19 slams would do it for me, i think.

including pro slams then rosewall has 23, laver 20, pancho 17


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 Post subject: Re: Greatest Tennis Players
PostPosted: Mon May 28, 2012 9:32 am 
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the pro slams were, what - max 16 players and usually less?

VERY hard to compare. Personally, i'd weigh pro slams - smaller fields and all - higher than Amateurs only slams. This would dampen Laver's '62 slam a little (its still a great achievement, just not as great as the '69 one). I'd also weigh Fed's performances in 06 and 07 as high at least as Laver's 62 (though that's obviously debatable)

Neither Rosewall, nor Laver were the best player in the world as amateurs. Pancho thrashed Rosewall when Ken first turned pro, just as Rosewall thrashed Laver when the Rocket first turned pro.

In my opinion, quality of field counts for more than smaller field (and I'm not sure what the field for amateur slams were, either)

Fed has the edge in a few ways. To date,

-He has a better winning percentage at every grand slam.

-23 SF's in a row. Laver's best run was 12

-10 finals in a row and 18/19. Laver's is 8 and 12/13 and 16/18 (same run)

- I count it in Fed's favor that he changed the trend in tennis, from clay court greats being hopeless on grass and vice versa, to one where he's been rock solid on all surfaces. By comparison, in Laver/Rosewall's time, it was already pretty standard (?)

RV, what do you think? In one of your earlier posts you suggested another French for Fed, beating Nadal along the way, and a winning record against Nadal might push Fed up to #1? Could you say a bit more on this?


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 Post subject: Re: Greatest Tennis Players
PostPosted: Tue May 29, 2012 4:29 am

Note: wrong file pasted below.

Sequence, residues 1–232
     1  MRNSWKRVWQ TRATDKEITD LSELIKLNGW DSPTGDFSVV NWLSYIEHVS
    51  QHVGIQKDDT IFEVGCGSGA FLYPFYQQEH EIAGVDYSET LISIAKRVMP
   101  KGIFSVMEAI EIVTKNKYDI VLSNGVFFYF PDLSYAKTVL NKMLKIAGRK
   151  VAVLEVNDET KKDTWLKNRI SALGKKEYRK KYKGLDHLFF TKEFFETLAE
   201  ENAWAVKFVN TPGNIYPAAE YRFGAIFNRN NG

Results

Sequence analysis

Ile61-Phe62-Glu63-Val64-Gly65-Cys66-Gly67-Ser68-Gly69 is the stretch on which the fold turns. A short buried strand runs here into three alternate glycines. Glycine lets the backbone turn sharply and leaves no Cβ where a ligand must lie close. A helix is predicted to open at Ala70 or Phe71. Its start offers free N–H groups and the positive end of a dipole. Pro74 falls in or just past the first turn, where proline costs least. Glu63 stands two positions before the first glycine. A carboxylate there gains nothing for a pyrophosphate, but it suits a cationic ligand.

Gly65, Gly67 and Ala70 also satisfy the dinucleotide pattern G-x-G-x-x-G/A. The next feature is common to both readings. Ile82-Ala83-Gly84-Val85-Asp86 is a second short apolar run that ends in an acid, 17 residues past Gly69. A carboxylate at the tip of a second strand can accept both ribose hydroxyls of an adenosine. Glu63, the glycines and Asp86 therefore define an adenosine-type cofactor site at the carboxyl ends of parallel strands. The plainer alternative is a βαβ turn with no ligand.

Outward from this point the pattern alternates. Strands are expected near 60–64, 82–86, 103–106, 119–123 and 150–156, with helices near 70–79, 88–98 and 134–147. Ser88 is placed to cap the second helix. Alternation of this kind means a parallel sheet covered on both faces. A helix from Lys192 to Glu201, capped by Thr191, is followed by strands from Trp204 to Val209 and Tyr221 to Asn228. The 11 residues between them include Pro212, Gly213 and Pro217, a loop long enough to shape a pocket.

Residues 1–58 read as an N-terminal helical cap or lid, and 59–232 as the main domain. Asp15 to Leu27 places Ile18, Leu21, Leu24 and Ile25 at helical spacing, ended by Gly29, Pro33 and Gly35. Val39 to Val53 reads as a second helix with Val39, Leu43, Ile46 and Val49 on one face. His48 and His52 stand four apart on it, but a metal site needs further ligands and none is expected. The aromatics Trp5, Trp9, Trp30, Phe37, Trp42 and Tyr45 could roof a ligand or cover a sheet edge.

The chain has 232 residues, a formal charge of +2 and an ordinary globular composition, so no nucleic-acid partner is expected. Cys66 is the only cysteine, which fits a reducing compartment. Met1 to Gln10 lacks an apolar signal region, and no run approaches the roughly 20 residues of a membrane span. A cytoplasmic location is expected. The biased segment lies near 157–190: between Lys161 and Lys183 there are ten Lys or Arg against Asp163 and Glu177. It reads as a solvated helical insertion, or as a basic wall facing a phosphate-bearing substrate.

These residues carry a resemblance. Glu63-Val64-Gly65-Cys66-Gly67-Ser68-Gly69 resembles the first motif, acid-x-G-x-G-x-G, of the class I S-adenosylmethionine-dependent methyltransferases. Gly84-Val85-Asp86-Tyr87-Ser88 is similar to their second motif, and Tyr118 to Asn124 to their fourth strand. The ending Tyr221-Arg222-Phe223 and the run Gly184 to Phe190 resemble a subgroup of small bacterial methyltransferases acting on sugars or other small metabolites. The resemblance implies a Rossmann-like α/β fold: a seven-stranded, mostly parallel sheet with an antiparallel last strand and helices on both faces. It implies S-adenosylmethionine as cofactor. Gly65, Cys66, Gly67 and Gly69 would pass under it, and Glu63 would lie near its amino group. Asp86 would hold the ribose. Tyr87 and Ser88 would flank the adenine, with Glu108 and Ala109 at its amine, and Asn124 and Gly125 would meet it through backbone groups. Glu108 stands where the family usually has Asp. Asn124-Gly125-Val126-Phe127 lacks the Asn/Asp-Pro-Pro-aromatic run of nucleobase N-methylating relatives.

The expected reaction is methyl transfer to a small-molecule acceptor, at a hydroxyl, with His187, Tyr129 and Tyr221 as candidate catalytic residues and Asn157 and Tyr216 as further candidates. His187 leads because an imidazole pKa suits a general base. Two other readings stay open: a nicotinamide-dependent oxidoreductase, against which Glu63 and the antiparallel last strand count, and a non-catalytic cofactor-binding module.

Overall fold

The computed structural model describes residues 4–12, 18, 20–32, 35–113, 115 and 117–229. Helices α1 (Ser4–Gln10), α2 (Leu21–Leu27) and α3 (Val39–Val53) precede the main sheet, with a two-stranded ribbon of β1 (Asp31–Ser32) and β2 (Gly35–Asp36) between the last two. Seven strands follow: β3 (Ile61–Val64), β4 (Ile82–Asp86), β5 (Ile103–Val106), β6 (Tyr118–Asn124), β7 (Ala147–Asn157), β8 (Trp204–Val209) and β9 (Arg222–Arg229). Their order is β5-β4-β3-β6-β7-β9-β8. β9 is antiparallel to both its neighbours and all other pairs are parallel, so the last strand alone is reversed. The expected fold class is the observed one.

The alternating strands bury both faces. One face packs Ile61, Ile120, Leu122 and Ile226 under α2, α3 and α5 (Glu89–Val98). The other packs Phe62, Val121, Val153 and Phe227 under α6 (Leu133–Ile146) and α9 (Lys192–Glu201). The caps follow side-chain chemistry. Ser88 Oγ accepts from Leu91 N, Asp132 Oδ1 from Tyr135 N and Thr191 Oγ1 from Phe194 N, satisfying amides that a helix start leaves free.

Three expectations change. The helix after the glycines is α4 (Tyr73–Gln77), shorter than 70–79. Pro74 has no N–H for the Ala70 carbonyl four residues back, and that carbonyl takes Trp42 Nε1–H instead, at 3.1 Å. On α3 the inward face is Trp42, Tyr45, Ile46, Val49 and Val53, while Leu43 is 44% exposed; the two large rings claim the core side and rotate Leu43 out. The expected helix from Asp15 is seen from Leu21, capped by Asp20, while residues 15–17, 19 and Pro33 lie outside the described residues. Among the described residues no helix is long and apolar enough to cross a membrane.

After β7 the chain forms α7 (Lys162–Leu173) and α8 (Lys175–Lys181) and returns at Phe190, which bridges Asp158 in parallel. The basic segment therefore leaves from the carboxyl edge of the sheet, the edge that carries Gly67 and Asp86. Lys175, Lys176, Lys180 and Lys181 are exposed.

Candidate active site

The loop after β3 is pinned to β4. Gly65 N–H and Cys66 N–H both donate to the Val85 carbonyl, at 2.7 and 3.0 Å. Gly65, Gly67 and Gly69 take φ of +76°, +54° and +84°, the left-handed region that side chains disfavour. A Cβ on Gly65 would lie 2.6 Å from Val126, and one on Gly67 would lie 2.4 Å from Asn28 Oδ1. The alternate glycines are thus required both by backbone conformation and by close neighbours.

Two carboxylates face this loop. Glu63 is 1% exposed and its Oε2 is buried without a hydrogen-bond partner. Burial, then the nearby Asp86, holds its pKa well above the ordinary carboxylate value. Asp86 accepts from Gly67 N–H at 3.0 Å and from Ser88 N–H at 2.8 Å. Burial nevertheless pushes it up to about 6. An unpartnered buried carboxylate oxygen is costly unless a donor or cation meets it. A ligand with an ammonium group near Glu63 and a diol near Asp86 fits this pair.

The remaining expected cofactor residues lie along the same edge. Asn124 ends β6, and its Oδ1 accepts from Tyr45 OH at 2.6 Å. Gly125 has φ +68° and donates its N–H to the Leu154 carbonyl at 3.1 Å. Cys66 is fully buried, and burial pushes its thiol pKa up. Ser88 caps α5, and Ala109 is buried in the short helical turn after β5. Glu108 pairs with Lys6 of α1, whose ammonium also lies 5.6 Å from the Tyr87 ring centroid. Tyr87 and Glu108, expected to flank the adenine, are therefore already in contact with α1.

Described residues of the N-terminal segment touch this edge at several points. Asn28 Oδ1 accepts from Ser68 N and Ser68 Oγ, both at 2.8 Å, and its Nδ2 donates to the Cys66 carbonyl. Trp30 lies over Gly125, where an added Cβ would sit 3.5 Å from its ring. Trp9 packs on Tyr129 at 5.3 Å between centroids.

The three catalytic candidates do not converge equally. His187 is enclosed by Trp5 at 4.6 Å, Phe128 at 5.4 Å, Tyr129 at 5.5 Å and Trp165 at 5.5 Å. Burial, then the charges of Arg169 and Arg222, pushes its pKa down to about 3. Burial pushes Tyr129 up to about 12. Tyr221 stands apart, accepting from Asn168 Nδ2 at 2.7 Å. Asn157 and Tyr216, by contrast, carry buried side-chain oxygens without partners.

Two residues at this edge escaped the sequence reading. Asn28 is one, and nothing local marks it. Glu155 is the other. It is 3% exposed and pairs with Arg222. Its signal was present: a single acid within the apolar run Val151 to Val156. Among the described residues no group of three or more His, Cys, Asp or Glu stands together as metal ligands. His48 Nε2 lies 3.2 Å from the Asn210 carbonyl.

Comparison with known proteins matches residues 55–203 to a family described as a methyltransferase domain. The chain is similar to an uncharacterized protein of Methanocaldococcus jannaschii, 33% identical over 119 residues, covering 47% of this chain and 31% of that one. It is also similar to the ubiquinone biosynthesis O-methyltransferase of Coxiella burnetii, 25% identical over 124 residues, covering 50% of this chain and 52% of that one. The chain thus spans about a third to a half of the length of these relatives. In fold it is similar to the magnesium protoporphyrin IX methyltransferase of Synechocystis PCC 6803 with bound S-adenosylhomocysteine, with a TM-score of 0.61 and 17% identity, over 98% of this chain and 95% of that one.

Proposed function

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Waspsting wrote:
Fed has the edge in a few ways. To date,

-He has a better winning percentage at every grand slam.

-23 SF's in a row. Laver's best run was 12

-10 finals in a row and 18/19. Laver's is 8 and 12/13 and 16/18 (same run)

- I count it in Fed's favor that he changed the trend in tennis, from clay court greats being hopeless on grass and vice versa, to one where he's been rock solid on all surfaces. By comparison, in Laver/Rosewall's time, it was already pretty standard (?)

RV, what do you think? In one of your earlier posts you suggested another French for Fed, beating Nadal along the way, and a winning record against Nadal might push Fed up to #1? Could you say a bit more on this?
those are pretty meaningless claims to me. i would expect him to have a better percentage at this stage because those 3 guys had extremely long careers, pancho and ken were still competitive at 40. guys like borg have awesome percentages because they finished early. i dont really care about semi finals in a row. the third point is why he is great, and as mint has mentioned the surfaces are more homogenous than they have ever been, saying he has won on 3 different surfaces and pioneered this is a bit of a stretch. even as recently as 10 years ago nadal would have never come close to winning a wimbledon, now any old baselining mug can rock up without even knowing what a volley is and hes a real chance. guys like muster and kuerten would literally not turn up because the surface was so different. furthermore it could be argued that laver has an edge with 7 years at number 1 opposed to feds 5. good points but i will still stick with laver for now. one big thing for fed is he is probably the most elegant player in history and one of the most aggressive, which helps make him appear to be the greatest.


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 Post subject: Re: Greatest Tennis Players
PostPosted: Tue May 29, 2012 6:22 am 
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rockvirtuoso wrote:
... i will still stick with laver for now.


I agree. I was asking your opinion on what Fed would have to do to change that. If not 19 slams, what do you think would lift him to #1?

rockvirtuoso wrote:
one big thing for fed is he is probably the most elegant player in history and one of the most aggressive, which helps make him appear to be the greatest.


I believe Laver was the in the same mould. Heard some commentators discussing this point, and they thought Laver, McEnroe and Federer were the three best looking players. I'd add Stefan Edberg to that list


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 Post subject: Re: Greatest Tennis Players
PostPosted: Tue May 29, 2012 6:36 am 
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rockvirtuoso wrote:
even as recently as 10 years ago nadal would have never come close to winning a wimbledon, now any old baselining mug can rock up without even knowing what a volley is and hes a real chance